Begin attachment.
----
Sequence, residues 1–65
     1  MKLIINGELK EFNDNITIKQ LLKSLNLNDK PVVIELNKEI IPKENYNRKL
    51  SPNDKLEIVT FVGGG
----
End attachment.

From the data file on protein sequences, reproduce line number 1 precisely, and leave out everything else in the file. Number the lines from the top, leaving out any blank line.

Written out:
Sequence, residues 1–65